Hong Kong's Last Porcelain Painter

Photo of Matthew Keegan
29 June 2018

Tan Zhihong is one of Hong Kong’s last remaining porcelain painters. With declining interest from younger generations to learn the craft, as well as the rise of mass-produced pieces, it’s not certain how much longer this traditional handicraft will survive.

Many have admired, or perhaps even owned, some Chinese hand-painted porcelain. The blue-and-white patterns are the most common and portray an array of Chinese folktales that appear on everything from tea cups to vases, as well as dishes and plant pots. However, according to one of the city’s last remaining porcelain painters, this fine craft could be coming to an end in Hong Kong.

Tan Zhihong has been working at Yuet Tung China Works for more than 40 years. Established in 1928, it was Hong Kong’s first hand-painted porcelain manufacturer, and during the factory’s peak in the 1950s, there were more than 1,000 craftsmen in the city. However, these days, with waning interest in learning the craft, it’s doubtful that there will be any inheritors to take over after craftsmen, like Zhihong, retire.

Yuet Tung China Works is an industrial centre in Hong Kong’s Kowloon Bay area, and it’s a treasure trove of porcelain wares, which are stacked floor-to-ceiling across four showrooms. The factory specialises in producing ‘Guang Cai’ the term that describes the style of coloured ceramicware that originated in the Chinese city of Guangzhou. Guang Cai porcelain can be traced back to the Qing Dynasty (1644–1912) and was particularly popular during the mid 1700s and early 1800s.

“Painting in the Guang Cai style requires specific techniques,” says Zhihong. “The object’s shape and size determines the kind of method we use.”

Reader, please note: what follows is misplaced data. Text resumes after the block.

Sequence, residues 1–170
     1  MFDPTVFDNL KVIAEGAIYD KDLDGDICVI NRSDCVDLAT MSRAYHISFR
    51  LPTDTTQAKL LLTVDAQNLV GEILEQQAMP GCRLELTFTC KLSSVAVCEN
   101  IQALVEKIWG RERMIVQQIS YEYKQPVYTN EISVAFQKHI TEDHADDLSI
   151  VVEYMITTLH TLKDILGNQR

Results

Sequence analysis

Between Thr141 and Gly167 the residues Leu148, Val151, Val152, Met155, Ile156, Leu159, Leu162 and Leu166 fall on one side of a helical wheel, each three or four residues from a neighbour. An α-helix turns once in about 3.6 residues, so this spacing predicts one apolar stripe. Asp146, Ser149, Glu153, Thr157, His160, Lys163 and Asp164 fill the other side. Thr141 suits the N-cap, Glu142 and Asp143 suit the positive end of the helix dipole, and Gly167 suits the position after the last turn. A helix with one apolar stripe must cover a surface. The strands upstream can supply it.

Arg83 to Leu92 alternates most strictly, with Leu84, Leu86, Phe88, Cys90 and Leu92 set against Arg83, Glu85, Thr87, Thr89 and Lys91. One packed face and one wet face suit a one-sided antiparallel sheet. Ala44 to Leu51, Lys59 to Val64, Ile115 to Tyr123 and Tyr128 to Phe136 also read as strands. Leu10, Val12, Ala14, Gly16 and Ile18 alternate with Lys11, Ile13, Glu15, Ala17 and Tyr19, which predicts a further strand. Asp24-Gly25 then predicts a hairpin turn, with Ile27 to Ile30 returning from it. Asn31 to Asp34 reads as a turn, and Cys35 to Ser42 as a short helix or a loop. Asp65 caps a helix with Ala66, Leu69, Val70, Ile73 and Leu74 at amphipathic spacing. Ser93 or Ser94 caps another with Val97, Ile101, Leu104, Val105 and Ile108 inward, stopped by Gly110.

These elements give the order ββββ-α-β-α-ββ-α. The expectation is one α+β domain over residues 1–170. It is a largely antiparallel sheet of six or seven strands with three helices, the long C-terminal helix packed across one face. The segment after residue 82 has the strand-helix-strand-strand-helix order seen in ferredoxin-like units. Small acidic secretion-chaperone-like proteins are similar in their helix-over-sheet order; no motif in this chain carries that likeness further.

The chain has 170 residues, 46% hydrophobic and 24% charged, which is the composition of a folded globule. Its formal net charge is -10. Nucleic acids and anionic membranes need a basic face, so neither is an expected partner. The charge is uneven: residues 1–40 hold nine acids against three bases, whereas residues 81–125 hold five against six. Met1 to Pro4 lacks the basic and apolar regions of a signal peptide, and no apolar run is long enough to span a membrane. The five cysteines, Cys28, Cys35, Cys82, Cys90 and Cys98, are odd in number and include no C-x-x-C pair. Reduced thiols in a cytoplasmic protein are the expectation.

Each pattern has a defined style with flowers, birds and characters, and Zhihong enjoys painting each one. “I don’t have one favourite pattern,” he says. “I like to paint all of them.” The painting style is traditional and “passed down through generations,” he continues. “They’ve been passed down for hundreds of years.”

These days, despite fading interest in learning the craft, Zhihong still tries to teach others as often as possible. “Some people are interested and will come to learn. Once they learn the basics, they’ll practice and then return. They’ll continue to develop their skills at home.”

chinaYuet Tung China Works is currently the only porcelain factory that remains in Hong Kong. They count many of the city’s five-star hotels among their clients, as well as overseas clients in the US and Europe and even Hollywood celebrities.

Having produced beautiful hand-painted porcelain pieces for the better part of a century, there’s little doubt that the company’s work will endure and serve as a lasting legacy. Meanwhile, there are some efforts to develop and preserve this traditional craft, including workshops that allow the public to design their own ceramics. But, sadly, most people are now only interested in pursuing it as a hobby rather than as a living.

However, Zhihong, for one, remains undeterred and says he will be a faithful supporter of the craft until the end. “I haven’t considered retiring yet. I’ll retire when I’m unable to paint anymore.” There’s hope his passion will yet inspire others to take up the baton.

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